Wednesday, November 30, 2011

What I'm reading this week

I'm reading two books right now Enchantment by Guy Kawasaki and How The Might Fall by Jim Collins. It is like Yin and Yang, I read a chapter and switch. Both books are small, big pamphlets really. The text is big, the ideas are straight forward.

From the Amazon reviews -

Kawasaki argues that in business and personal interactions, your goal is not merely to get what you want but to bring about a voluntary, enduring, and delightful change in other people. By enlisting their own goals and desires, by being likable and trustworthy, and by framing a cause that others can embrace, you can change hearts, minds, and actions.

In How the Mighty Fall, Collins confronts these questions, offering leaders the well-founded hope that they can learn how to stave off decline and, if they find themselves falling, reverse their course. Collins' research project—more than four years in duration—uncovered five step-wise stages of decline:

Stage 1: Hubris Born of Success
Stage 2: Undisciplined Pursuit of More
Stage 3: Denial of Risk and Peril
Stage 4: Grasping for Salvation
Stage 5: Capitulation to Irrelevance or Death

I'm thinking about Carbondale and SIU while I read. Where is SIU on Collin's 5 Stage scale? Number 4? Yes, Collins does write about what to do to claw your way back to healthy. Stage 1 - Morris expands to multi-campus system. Stage 2 - U of I has a great physics department, we should try to match them. Throw away the 4 year Voc Tech programs, we are a real university now! Stage 3 - What we worry? I may be seen as negative, but you will not see me denying the risk of doing business.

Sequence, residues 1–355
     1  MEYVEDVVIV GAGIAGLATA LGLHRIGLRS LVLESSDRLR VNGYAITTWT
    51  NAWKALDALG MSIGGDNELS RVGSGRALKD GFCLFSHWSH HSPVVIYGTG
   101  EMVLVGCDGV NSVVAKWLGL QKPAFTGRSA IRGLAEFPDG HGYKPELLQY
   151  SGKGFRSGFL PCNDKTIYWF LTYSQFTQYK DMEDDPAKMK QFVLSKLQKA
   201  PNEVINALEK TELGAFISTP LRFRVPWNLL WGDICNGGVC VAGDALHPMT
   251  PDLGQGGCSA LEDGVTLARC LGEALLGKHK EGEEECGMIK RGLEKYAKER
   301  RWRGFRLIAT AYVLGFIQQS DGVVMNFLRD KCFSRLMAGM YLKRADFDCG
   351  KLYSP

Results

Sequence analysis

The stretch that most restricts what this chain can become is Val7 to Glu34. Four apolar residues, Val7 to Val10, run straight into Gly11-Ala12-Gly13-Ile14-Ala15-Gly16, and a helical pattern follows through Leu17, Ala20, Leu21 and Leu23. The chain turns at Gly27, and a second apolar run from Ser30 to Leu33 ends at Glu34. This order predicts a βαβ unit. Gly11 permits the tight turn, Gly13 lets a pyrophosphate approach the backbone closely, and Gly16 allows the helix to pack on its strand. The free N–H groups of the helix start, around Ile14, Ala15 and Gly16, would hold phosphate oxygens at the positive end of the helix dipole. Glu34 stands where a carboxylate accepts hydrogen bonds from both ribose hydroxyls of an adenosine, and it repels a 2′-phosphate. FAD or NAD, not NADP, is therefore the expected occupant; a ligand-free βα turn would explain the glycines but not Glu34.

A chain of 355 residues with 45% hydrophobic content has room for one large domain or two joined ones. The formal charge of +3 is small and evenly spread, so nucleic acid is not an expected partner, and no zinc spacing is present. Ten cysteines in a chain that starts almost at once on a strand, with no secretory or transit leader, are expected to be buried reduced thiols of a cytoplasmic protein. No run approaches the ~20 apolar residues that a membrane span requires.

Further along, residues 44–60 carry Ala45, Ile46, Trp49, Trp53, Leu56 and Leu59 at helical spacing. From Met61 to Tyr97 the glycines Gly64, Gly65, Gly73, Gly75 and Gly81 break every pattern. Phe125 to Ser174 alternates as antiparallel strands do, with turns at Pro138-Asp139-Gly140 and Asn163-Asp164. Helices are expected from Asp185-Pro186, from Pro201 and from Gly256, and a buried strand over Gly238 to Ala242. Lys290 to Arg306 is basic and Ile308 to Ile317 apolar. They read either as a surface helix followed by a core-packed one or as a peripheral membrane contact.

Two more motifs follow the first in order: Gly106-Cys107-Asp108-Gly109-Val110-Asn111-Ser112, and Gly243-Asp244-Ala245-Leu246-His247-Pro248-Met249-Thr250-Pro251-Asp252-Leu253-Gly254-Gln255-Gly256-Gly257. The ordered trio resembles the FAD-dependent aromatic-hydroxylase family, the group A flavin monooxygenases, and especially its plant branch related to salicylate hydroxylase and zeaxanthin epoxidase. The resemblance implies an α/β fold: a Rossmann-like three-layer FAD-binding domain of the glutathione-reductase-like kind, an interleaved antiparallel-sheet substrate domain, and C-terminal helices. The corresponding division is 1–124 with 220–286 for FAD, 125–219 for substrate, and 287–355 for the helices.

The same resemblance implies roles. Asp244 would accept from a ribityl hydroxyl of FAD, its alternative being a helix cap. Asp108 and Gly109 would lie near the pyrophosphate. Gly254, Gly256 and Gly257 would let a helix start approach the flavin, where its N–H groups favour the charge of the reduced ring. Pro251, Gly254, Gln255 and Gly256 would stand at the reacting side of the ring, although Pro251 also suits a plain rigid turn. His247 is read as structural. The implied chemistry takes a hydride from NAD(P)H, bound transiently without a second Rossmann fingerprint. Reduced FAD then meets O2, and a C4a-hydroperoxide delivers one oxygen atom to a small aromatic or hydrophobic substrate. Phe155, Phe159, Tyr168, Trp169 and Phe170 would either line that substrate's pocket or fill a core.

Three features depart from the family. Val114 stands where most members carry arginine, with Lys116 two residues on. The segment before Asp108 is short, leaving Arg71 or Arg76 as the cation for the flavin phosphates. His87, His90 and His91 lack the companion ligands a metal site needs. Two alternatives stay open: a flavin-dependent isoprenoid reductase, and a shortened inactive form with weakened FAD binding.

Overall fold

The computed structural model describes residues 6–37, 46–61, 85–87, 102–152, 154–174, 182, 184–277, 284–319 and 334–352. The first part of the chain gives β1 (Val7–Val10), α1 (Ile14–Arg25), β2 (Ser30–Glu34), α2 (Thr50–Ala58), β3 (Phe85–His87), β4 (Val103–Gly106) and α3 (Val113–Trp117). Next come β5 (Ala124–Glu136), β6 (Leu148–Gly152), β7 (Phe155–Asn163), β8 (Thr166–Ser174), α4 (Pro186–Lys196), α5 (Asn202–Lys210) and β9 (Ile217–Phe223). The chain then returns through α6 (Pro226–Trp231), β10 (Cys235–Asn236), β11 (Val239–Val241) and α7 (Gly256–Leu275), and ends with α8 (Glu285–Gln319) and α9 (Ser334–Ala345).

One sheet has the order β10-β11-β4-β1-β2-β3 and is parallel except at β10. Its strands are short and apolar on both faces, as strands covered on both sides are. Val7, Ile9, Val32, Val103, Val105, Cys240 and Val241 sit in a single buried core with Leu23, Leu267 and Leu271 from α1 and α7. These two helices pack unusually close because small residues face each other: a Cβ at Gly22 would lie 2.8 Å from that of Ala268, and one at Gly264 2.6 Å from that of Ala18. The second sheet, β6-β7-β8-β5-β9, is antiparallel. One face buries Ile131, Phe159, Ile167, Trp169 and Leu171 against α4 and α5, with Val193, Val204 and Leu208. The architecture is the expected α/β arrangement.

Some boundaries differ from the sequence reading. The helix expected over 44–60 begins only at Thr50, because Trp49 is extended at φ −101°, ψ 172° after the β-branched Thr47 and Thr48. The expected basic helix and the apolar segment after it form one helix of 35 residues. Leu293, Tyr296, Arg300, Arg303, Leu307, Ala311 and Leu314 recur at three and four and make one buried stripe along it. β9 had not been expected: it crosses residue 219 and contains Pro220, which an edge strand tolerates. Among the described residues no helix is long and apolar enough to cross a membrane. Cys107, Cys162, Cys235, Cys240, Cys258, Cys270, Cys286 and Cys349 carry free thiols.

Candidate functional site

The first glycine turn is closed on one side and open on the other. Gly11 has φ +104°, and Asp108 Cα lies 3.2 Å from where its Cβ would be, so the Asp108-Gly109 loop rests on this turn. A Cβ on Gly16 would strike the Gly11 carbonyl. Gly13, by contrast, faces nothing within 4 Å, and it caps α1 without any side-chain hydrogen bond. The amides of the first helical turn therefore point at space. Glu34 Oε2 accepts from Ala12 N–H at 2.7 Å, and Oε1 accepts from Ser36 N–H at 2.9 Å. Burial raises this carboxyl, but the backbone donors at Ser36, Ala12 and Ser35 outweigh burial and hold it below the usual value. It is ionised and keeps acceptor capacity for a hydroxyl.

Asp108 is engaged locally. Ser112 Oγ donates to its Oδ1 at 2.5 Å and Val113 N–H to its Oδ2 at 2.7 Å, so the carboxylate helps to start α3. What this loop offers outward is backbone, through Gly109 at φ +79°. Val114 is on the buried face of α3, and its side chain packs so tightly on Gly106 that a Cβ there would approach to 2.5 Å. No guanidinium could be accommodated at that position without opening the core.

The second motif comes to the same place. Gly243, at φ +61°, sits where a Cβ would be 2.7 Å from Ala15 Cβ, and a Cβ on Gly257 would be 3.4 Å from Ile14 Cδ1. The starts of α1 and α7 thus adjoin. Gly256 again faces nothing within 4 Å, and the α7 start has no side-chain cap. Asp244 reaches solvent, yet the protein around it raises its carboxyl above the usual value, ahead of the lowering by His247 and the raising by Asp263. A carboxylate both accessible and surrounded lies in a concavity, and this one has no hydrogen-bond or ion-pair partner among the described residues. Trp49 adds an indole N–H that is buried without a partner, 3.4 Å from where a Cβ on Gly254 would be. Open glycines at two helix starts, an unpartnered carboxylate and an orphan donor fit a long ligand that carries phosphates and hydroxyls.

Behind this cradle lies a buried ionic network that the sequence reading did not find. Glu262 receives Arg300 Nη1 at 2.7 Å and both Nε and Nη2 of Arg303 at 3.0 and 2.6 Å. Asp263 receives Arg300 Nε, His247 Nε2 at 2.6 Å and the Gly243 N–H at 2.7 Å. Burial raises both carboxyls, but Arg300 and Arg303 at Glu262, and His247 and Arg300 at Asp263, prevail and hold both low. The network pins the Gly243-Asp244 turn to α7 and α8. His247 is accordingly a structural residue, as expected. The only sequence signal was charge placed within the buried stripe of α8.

When thinking about Enchantment. Those big Halloween parties in Carbondale provided some of that. I wonder what SIU can do to get the Enchantment back? Graduating students that know something, would be a good start to enchant the business community.

I wonder if the leadership at SIU is reading Collins? If I knew them, I would send them a copy. Anyone else reading these little gems?


1 comment:

Jonathan Bean said...

Welcome back, Peter! I'll take a look at Collins.

Reminds me of a book by that management writer Peter Drucker: "Managing the Non-Profit Organization" (1990)

One of the Amazon reviews touches on the book's contents:

"It has been said that the non-profit sector has been slow to accept the value of management education and practices basically because of the assumption that "management" means "business management" [SIUC suffers from that knee-jerk attitude!]. This book clearly bridges that gap and explains lucidly what makes for achieving non-profit leaders and effective non-profit institutions. The book is not a theoretical work or an academic one. It is rather an extremely practical show-and-tell about being a great manager in a non-profit organization....